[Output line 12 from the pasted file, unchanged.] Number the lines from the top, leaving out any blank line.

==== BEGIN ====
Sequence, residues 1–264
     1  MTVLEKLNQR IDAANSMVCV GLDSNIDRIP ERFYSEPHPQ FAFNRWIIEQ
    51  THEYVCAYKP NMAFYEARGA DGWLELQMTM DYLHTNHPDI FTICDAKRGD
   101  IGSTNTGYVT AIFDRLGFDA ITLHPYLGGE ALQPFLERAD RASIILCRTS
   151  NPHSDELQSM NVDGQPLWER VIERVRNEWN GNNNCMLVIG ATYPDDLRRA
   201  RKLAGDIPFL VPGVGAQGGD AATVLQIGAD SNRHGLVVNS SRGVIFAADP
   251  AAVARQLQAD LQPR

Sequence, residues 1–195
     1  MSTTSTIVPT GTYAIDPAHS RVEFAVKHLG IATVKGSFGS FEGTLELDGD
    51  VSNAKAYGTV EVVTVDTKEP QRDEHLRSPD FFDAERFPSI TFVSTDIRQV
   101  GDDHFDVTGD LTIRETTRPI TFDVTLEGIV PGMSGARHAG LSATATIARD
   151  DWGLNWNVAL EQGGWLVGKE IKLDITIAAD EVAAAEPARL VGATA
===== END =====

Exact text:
   151  DWGLNWNVAL EQGGWLVGKE IKLDITIAAD EVAAAEPARL VGATA